By 2014, Neville was ready for more. He acquired H.B. Wall Awning, a local competitor also founded in the early 1900s, and the company became Welhener–H.B. Wall Awning. To expand business throughout the Midwest, Neville acquired Kansas City Tent & Awning Co. in Kansas City, Mo., five years later. Its roots date back to 1901. “These companies are over 120 years old and leaders in their geographic areas; the name recognition is incredibly valuable as we continue to deliver and enhance the high-quality products they’re known for.”
Set up for success
Commercial contracts comprise 80% of both businesses, which manufacture and install a wide range of shade structures, including awnings, canopies, patio covers and shade sails. With the exception of accounting, both businesses maintain separate operations and staff groups. Welhener–H.B. Wall Awning has 13 employees and Kansas City Tent & Awning has 17—most of whom were retained after each acquisition. All aspects of production and fabrication are performed in-house.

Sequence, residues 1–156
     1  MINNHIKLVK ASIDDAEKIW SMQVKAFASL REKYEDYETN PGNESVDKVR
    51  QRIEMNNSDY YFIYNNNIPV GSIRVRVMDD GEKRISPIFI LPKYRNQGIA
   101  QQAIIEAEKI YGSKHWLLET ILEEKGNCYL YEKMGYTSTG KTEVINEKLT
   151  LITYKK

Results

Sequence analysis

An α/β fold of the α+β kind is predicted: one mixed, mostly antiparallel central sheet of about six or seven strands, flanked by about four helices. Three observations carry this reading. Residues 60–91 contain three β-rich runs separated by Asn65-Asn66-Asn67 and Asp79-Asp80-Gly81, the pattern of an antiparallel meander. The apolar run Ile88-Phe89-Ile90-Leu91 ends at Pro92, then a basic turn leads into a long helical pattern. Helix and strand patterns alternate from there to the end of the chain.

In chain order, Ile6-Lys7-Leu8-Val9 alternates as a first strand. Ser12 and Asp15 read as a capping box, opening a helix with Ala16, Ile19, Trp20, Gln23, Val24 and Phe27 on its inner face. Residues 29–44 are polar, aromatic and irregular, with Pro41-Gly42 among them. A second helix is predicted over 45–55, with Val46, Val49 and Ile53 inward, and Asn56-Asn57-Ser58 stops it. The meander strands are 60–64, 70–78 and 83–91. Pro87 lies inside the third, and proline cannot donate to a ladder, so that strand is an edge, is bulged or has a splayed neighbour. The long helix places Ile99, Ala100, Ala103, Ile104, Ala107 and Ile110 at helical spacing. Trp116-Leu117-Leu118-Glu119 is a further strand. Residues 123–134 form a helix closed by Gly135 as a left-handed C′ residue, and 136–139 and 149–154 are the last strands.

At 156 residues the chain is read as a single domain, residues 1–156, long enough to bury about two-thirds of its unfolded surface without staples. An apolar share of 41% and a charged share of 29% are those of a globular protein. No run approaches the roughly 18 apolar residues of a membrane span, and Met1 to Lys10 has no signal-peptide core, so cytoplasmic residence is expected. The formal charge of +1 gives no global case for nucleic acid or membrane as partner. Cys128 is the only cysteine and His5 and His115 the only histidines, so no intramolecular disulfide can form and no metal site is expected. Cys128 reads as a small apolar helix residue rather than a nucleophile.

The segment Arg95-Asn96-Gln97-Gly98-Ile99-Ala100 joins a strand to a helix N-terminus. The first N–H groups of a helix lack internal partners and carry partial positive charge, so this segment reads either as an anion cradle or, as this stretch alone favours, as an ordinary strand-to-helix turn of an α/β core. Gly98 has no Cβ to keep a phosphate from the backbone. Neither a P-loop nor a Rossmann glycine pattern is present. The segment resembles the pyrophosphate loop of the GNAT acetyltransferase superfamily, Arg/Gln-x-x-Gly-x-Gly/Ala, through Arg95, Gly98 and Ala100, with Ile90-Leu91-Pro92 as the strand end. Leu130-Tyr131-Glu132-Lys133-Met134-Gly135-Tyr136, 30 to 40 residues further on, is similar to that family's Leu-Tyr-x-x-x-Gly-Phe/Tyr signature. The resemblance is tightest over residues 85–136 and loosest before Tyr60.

“Once we had two companies, our first priority was working more efficiently,” Neville says. That included the consolidation of redundant activities, such as accounting, but even more important was establishing a shared vision across teams.
“We were careful to balance the urgency to align on company goals and values with the necessity to make changes gradually and get to know employees on a personal level. We didn’t want anyone to feel like they were going to be micromanaged by an entity hours away, with no real interest in them. Building and maintaining relationships based on trust helps us work together more effectively and efficiently.”